JF Ptak Science Books Quick Post
This is one of my favorite posts, published here last year on 3 November 2008. It is a fantastic idea, this memorial for lost and worn-out toys, and one which I think could work well in the U.S.
"No two toys are ever broken in the same way or with the same emotional results." Robert Graves, Poetic Unreason
At the beginning of my 10th month of blogging I'd like to open with these images showing the practice of an utterly fabulous idea--an eternal resting place and shrine for broken playthings. This is an absolutely outstanding concept, and I simply have no notion as to why we don't have such observations in the United States. (The following two details are from the larger images, below, found in the 27 July 1929 issue of The Illustrated London News, page 157.) The story provides these two pictures and unfortunately scant details of the ceremony which was held at the Imperial Primary School at Sugamo, Japan.
The first photo shows the detail of children offering flowers for the altar on which their tray of broken dolls is being venerated; and to the right is the detail of children bowing to the grave of "broken playthings", though the markings on the (grave?) stone indicate that it is for dolls. It also seems to be a marker for a mass of toys, not that each toy would have its own marker; I suspect it to be enough to have a place where allot of kids could come to venerate objects in which they might have invested countless hours of their time, effort, attention and affection. That it is a shared place and experience makes the monument all the more so powerful.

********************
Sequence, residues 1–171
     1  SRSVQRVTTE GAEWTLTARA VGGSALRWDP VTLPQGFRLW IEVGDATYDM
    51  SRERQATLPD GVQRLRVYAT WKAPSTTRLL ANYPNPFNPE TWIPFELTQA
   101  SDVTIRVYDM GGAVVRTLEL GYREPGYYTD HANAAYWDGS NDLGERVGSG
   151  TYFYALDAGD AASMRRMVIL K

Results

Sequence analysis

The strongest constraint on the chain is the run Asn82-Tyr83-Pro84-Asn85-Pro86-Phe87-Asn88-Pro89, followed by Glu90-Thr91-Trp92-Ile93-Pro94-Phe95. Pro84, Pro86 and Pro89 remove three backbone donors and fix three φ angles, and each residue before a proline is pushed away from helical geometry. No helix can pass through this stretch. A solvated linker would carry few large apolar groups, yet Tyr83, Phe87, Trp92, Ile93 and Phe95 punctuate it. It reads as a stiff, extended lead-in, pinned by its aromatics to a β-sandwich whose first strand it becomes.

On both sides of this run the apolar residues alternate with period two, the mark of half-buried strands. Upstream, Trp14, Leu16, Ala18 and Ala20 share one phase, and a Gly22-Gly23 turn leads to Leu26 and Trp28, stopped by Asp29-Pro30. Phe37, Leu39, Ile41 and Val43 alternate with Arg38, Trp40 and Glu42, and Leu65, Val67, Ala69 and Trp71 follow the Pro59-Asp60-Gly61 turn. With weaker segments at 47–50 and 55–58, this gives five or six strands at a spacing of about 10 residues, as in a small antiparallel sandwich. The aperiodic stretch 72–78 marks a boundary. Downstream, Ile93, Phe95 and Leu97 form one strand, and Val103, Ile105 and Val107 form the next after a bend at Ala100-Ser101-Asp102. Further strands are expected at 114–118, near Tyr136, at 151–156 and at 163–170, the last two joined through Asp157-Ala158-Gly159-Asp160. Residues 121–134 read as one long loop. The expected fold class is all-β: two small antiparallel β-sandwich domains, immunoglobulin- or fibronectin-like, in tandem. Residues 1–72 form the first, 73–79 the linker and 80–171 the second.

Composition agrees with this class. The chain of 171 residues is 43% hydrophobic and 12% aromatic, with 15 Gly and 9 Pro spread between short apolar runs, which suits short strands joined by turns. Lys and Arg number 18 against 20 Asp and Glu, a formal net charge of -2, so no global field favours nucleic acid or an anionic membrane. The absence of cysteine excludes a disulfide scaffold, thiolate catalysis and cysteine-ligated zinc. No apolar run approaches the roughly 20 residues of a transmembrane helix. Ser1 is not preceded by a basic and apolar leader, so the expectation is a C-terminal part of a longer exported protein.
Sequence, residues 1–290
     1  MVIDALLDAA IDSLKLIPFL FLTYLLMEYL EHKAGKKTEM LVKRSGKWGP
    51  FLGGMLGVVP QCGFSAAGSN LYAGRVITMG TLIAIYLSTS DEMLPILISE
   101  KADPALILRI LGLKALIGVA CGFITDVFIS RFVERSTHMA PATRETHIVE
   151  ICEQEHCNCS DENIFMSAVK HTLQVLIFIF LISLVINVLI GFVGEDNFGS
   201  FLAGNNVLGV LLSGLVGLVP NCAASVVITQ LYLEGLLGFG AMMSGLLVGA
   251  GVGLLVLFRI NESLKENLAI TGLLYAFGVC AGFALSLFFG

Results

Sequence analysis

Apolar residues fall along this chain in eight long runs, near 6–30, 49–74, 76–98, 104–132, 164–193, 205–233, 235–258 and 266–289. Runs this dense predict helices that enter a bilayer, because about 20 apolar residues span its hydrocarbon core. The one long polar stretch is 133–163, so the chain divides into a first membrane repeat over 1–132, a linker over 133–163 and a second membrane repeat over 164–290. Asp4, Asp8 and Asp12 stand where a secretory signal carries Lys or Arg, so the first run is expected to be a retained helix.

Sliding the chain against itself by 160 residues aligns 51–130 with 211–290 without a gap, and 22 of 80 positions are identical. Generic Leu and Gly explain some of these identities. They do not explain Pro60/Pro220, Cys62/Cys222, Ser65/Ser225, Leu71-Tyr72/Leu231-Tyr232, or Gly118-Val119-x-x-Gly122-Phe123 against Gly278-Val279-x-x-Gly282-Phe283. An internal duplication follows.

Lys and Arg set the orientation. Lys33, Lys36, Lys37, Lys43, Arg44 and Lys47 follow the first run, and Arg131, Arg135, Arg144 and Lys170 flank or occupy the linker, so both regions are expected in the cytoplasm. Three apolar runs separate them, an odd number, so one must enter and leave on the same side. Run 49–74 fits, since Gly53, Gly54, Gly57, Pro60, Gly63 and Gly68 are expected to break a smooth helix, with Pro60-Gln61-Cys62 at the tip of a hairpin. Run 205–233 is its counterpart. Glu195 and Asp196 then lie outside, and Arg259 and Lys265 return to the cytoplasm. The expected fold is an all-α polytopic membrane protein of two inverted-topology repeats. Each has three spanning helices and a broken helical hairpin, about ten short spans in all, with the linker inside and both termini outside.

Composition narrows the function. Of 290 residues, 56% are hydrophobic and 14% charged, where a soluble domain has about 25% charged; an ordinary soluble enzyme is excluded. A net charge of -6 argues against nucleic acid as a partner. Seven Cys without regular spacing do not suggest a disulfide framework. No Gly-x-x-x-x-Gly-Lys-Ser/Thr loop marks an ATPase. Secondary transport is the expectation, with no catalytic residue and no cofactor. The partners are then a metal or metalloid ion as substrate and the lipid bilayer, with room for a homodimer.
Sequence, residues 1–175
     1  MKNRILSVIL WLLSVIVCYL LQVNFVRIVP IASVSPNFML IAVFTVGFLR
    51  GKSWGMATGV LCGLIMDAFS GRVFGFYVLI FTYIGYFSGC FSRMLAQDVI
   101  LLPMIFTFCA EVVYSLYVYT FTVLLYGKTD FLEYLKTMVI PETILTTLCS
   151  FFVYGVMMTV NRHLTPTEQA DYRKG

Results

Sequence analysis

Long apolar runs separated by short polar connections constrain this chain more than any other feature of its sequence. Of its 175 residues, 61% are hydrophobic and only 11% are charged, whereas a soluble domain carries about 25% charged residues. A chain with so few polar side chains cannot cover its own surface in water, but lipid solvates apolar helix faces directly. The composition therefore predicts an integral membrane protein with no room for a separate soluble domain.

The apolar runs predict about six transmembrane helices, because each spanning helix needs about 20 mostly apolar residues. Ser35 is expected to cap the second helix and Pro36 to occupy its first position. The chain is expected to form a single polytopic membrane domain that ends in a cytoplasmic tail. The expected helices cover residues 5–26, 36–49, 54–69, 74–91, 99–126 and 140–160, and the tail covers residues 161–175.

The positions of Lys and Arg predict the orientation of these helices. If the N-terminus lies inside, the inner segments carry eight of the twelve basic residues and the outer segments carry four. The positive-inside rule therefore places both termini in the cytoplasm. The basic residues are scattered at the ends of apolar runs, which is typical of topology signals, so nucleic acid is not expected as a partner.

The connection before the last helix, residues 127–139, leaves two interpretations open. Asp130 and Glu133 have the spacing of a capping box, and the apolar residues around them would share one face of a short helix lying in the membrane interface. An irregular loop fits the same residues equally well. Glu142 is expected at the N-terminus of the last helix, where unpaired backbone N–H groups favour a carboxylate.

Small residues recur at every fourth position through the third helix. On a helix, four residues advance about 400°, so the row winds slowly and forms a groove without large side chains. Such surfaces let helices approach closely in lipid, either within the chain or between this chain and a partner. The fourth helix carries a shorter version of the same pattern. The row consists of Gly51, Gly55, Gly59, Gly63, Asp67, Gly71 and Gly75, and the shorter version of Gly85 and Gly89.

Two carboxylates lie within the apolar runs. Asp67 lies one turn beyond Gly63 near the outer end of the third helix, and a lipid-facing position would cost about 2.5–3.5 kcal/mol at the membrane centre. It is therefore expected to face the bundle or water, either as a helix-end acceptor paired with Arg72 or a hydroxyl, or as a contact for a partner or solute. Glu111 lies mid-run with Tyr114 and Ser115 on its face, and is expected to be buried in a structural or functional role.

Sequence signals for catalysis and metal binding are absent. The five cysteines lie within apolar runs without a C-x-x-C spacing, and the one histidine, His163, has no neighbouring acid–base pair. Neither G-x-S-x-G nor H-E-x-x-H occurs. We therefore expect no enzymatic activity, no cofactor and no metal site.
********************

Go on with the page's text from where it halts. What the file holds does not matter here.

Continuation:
There are few better things to teach a child than to pay respects for something that has given them pleasure or helped them, or, say, for returning the love which has been showed them from their doll or toy. It has always struck me as not-quite-right that a toy can be a beloved object one day and a dust-magnet the next, destined for the trash heap. Certainly these are holy objects in themselves, and deserve a better and more kinder fate than being mixed with broken glass and greasy unmentionables.
Are there greater things to be concerned with? Yes, of course, but only on the face of it--I think that helping kids understand the underlying dignity of inanimate objects such as their playthings could give them a greater awareness for the other seemingly invisible things that they will find throughout their lives. Further I think that a visible, constant reminder for these objects would be really more like a memory-monument for a period of time, a place in nearly everyone's life in which held a certain purity and promise, a protected and beloved frailty of the human experience shared by all. I can honestly think of no other monument that could reach across religious or philosophical or belief systems to arouse a feeling of common goodness than this. Everyone has had a toy that they've loved, and I have no doubt that if remembered these would be powerful emotions, and could be about the most common denominator we have on the planet. I can think of no divisive element in such a monument of veneration.